In the Midst of Winter ハードカバー – 2017/11/1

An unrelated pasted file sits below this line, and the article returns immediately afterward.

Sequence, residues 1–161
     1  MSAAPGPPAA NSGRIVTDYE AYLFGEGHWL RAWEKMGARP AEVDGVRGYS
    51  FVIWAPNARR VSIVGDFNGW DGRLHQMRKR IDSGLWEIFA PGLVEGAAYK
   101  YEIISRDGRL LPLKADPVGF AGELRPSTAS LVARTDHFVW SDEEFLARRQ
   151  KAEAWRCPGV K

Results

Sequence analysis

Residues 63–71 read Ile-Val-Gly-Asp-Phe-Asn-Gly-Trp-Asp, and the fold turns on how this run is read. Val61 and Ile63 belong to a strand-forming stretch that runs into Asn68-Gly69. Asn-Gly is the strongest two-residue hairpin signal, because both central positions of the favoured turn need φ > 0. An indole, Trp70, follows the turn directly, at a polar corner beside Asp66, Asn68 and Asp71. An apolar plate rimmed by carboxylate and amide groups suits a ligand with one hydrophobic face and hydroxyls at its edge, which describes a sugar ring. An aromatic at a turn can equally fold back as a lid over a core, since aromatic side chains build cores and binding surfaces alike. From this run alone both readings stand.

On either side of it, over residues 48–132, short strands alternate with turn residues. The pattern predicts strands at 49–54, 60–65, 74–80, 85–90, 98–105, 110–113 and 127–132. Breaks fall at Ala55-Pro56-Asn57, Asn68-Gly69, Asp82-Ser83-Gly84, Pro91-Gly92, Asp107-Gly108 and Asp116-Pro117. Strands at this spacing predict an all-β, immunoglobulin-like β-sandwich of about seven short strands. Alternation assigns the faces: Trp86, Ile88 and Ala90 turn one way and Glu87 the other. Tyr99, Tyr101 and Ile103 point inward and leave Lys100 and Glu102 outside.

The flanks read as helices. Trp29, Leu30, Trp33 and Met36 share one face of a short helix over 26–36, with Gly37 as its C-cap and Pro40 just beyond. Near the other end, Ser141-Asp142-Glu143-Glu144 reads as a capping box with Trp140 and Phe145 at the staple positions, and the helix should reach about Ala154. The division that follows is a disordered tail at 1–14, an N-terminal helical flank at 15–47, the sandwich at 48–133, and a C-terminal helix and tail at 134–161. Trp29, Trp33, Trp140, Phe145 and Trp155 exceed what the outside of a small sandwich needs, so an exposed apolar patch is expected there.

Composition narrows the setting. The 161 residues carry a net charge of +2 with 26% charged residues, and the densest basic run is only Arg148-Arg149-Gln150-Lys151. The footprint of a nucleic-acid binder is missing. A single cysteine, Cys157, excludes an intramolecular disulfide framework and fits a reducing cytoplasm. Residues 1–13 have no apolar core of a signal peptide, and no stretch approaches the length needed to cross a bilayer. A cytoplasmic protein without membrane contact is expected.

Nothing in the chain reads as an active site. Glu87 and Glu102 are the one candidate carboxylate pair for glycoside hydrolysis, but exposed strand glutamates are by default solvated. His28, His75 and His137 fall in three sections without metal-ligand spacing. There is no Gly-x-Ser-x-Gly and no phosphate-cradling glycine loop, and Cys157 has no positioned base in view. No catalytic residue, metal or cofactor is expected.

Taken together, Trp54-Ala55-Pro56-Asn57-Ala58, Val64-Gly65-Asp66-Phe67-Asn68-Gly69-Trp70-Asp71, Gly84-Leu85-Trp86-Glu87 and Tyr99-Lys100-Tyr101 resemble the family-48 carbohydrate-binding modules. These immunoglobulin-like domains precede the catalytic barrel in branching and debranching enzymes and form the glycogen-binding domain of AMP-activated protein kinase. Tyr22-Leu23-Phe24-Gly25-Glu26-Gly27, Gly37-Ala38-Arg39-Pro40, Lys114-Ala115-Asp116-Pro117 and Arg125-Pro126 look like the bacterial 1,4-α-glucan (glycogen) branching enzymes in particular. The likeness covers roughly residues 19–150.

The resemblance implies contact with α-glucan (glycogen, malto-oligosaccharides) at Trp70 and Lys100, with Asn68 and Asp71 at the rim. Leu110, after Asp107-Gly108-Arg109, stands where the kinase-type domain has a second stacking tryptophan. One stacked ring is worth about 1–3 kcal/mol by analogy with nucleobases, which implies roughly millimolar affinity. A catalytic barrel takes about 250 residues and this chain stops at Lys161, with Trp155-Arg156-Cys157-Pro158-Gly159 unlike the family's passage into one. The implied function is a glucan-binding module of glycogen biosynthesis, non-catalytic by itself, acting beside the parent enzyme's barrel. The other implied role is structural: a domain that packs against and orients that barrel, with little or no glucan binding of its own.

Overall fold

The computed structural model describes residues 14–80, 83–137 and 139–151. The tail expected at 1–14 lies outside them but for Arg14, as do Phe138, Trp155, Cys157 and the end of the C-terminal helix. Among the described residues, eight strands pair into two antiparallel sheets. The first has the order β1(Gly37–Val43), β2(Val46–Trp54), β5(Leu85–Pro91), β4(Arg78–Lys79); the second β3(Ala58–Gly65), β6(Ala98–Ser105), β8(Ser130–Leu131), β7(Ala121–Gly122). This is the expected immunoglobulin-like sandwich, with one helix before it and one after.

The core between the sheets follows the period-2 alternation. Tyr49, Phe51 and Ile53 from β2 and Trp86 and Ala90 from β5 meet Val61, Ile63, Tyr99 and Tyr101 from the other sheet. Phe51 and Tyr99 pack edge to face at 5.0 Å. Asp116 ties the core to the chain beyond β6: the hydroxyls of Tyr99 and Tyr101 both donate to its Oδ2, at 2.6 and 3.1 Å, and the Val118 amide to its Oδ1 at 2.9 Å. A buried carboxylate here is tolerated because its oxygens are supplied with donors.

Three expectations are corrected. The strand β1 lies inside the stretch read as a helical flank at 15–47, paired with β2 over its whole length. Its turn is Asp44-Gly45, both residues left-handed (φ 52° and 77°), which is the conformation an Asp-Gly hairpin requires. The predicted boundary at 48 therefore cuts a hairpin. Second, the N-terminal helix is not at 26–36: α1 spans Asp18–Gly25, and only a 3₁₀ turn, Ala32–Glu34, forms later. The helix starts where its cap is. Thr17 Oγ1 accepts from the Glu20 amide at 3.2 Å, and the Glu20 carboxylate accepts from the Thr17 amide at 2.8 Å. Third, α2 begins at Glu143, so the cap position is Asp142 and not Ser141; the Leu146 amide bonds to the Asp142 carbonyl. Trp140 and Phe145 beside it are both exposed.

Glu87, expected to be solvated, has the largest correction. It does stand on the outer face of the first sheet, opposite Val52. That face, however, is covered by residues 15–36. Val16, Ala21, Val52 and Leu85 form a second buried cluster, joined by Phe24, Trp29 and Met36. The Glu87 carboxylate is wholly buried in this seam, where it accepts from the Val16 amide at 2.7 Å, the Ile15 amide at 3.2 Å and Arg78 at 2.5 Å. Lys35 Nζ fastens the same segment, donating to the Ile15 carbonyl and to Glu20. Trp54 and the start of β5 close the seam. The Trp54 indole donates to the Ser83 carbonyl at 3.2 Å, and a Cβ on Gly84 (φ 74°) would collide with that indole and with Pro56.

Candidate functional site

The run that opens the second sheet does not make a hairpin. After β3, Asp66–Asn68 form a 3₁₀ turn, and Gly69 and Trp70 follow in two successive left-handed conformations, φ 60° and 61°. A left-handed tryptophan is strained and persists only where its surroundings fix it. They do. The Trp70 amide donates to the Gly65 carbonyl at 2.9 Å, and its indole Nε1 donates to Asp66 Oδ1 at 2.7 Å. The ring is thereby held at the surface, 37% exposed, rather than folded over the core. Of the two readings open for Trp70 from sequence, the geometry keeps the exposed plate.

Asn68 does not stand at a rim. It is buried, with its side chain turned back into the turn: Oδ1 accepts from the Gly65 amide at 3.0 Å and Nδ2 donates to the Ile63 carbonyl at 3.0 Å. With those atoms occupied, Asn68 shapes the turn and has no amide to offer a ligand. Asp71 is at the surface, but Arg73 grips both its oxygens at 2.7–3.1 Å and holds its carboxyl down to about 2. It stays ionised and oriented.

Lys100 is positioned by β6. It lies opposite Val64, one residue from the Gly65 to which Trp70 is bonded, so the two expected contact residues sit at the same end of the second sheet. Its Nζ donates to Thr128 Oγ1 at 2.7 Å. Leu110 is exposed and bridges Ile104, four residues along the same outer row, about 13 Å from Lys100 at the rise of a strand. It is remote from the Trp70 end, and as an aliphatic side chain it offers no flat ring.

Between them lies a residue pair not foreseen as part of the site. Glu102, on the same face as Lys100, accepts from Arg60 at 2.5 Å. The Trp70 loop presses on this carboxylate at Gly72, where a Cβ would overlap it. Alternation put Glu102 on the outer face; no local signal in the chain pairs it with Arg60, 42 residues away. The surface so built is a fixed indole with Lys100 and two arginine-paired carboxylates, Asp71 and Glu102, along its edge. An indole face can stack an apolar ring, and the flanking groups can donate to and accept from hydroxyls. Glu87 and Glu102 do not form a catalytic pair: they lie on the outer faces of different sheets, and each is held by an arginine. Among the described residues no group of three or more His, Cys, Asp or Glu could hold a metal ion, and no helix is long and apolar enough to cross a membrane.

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**THE NEW YORK TIMES BESTSELLER** **The captivating new novel from the multi-million-bestselling author of The House of the Spirits and The Japanese Lover** 'In some of the most beautiful passages in the novel, Allende explores the gentle but redemptive depths of mature love and the paths it can take . . . Allende has an unflashy wisdom to offer, a maturity that illuminates her storytelling . . . it pursues an age-old question: how to live a full life and find meaning, not just survive or endure one's past' Financial Times on In the Midst of Winter New York Times bestseller Isabel Allende returns with a beautifully crafted, multi-generational novel of struggle, endurance and friendship against the odds. Amid the biggest Brooklyn snowstorm in living memory, an unexpected friendship blossoms between three people thrown together by circumstance. Richard Bowmaster, a lonely university professor in his sixties, hits the car driven by Evelyn Ortega, a young, undocumented migrant from Guatemala. But what at first seems an inconvenience takes an unforeseen and darker turn when Evelyn comes to him and his neighbour Lucia Maraz, desperately seeking help. Sweeping from present-day Brooklyn to Guatemala to turbulent 1970s Chile and Brazil, and woven with Isabel Allende's trademark humanity, passion and storytelling verve, In the Midst of Winter is a mesmerizing and unforgettable tale. Praise for Isabel Allende: `Isabel Allende is a master storyteller. When it comes to love Isabel writes from the heart to the heart and I feel all the richer for having been touched by her' Santa Montefiore `If Allende's life depended on her narrative gifts, she'd not only survive, but reign' Los Angeles Times `Isabel Allende is the most romantic of writers and The Japanese Lover is a novel of high romance and lush sensuality, unashamedly about the enduring power of love and ending on a note of grace' The Times `Lush storytelling, with a liberal dusting of South American magical realism and a multi-gener-ational narrative sweep' Financial Times `Internationally beloved Allende, as effervescent in her compassion, social concerns, and profound joy in storytelling as ever, brings both humor and intensity to this madcap, soulful and transporting tale of three survivors who share their traumatic pasts ... Allende has a rare and precious gift for simultaneously challenging and entrancing readers' Booklist, starred review `Grief and loss are transformed into healing friendship in this fantastic novel ... A suspenseful, icy adventure. Filled with Allende's signature lyricism and ingenious plotting, the book delves wonderfully into what it means to respect, protect, and love' Publishers Weekly `This winter's tale has something to melt each frozen heart' Kirkus Reviews